But after only playing a short while, I think it’s will be. A MMO is only as good as its community. I might still be playing World of Warcraft today if my guild wasn’t filled with greedy drama queens, but that’s a story for another time. Thankfully, TemTem seems to have an exceptionally kind one. I decided to stream my first hours in the game on Twitch, and after an hour, about half a dozen TemTem Tamers from the PC community had joined me in the chat; some with literally thousands of those aforementioned hours.

And instead of bullying me for forgetting which type my TemTem is every five minutes (which I deserved), they gently reminded me. They offered me tips and tricks, warned me about my early choices, and helped me name my TemTems. When I was lost, they helped me find my way… which usually was some version of “look at the mini-map, you have a mini-map”. For the rest of the stream, folks were encouraging, patient, and incredibly generous with their time and TemTems, some even going out of their way to find me in-game just to gift a TemTem to help me on my journey. It was a genuinely refreshing experience for my first hours in a new MMO and I’d be lying if I didn’t say I was touched by it all.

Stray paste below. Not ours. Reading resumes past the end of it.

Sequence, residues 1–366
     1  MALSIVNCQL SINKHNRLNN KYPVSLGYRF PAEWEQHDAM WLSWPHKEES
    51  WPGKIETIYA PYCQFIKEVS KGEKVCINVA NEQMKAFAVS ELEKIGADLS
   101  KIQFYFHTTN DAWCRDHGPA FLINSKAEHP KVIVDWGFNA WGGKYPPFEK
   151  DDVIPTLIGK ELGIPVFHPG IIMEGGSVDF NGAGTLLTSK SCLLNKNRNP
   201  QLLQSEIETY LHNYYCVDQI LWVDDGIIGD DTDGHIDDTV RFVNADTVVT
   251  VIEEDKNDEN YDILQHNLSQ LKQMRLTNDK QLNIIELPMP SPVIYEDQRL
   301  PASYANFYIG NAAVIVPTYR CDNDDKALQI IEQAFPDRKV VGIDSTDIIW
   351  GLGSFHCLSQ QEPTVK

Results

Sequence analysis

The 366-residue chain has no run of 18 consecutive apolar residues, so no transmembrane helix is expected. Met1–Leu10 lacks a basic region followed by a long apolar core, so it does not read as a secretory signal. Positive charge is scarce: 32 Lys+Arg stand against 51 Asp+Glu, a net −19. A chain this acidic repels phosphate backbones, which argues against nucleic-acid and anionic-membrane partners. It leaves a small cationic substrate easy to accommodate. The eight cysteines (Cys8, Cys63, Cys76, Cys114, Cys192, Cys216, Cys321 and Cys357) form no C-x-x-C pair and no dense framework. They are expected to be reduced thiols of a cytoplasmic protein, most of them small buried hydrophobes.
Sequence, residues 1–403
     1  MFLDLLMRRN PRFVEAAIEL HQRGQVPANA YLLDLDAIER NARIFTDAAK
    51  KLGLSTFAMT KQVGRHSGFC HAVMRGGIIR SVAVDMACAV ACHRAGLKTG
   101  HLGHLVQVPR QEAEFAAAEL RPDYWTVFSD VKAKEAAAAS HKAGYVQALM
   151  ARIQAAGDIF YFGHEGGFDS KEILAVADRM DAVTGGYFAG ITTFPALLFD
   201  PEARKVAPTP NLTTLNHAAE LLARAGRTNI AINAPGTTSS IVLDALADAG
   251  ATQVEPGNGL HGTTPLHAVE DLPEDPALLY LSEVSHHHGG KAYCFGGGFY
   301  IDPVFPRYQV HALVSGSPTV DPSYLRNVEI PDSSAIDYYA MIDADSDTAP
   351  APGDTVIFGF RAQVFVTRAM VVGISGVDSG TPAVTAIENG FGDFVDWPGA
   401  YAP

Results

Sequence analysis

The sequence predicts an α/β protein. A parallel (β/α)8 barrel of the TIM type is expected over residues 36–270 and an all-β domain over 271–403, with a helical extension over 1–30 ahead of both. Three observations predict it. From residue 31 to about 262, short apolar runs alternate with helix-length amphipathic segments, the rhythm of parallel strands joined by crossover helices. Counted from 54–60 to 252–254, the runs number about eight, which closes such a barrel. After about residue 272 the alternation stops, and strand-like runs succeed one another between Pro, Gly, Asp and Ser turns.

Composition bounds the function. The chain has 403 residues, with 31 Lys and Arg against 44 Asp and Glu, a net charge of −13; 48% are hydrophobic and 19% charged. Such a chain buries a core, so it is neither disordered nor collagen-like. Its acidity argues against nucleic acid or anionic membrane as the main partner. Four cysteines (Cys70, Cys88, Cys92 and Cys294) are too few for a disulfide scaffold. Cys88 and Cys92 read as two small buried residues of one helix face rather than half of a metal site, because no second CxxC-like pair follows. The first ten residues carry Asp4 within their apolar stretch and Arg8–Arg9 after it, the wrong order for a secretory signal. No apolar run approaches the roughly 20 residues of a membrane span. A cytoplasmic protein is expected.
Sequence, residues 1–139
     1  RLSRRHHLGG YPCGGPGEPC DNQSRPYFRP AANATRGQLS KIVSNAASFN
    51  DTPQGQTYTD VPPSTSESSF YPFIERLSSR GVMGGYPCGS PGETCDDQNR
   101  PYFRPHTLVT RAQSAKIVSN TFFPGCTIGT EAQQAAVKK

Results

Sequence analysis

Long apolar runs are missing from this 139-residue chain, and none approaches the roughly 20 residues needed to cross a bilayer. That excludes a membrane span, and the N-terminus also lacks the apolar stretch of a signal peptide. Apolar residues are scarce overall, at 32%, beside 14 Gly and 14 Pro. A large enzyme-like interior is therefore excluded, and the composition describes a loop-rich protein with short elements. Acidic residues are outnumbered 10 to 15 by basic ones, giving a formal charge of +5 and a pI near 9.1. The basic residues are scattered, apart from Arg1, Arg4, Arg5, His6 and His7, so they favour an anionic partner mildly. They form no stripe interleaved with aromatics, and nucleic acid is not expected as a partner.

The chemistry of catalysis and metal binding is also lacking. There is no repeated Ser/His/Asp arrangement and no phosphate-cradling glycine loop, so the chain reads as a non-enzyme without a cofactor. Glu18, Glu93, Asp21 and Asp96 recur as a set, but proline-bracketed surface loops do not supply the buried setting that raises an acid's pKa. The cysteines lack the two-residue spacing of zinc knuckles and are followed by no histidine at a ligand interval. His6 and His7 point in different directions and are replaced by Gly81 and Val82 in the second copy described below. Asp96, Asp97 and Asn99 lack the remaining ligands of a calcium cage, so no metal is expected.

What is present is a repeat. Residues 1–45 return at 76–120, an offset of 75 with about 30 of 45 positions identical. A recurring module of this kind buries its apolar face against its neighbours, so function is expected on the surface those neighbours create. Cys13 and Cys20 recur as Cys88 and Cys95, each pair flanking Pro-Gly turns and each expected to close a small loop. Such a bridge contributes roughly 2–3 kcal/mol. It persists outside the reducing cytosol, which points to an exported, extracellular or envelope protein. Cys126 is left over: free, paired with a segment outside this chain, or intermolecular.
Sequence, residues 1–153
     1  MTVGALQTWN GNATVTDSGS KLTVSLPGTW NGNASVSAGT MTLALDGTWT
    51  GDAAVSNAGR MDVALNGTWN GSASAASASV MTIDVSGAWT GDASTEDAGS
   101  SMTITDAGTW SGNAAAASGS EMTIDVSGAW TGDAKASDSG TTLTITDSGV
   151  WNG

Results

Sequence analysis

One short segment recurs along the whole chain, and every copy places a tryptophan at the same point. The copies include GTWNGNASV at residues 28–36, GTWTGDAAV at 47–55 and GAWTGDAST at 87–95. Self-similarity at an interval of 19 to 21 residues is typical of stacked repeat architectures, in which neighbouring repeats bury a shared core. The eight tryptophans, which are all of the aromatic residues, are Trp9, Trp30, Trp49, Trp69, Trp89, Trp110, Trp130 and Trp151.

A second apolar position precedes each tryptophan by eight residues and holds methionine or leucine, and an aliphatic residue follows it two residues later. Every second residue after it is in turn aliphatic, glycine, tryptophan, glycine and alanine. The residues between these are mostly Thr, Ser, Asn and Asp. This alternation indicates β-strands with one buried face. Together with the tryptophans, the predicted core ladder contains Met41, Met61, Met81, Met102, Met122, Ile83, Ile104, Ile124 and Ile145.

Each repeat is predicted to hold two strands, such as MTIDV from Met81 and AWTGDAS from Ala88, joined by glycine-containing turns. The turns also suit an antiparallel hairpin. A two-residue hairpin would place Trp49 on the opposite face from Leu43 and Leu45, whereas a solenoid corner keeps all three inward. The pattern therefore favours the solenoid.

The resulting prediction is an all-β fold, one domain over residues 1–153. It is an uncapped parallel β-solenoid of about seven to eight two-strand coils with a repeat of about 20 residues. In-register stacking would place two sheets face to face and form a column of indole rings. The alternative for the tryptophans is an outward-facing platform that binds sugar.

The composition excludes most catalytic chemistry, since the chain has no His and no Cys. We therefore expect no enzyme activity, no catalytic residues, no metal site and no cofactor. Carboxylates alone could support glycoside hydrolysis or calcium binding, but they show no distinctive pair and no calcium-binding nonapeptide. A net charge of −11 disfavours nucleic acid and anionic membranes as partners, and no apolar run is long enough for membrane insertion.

When I asked the more experienced players why they were willing to hang around with a noob for so long, they said it was because they wanted to make sure my first experience with the game was a positive one. They knew how complicated TemTem could be for new players and they really wanted to make sure the game didn’t scare me off. They even told me that it was no big deal because they were already preparing a bunch of welcome gifts for new players on release day. How nice is that?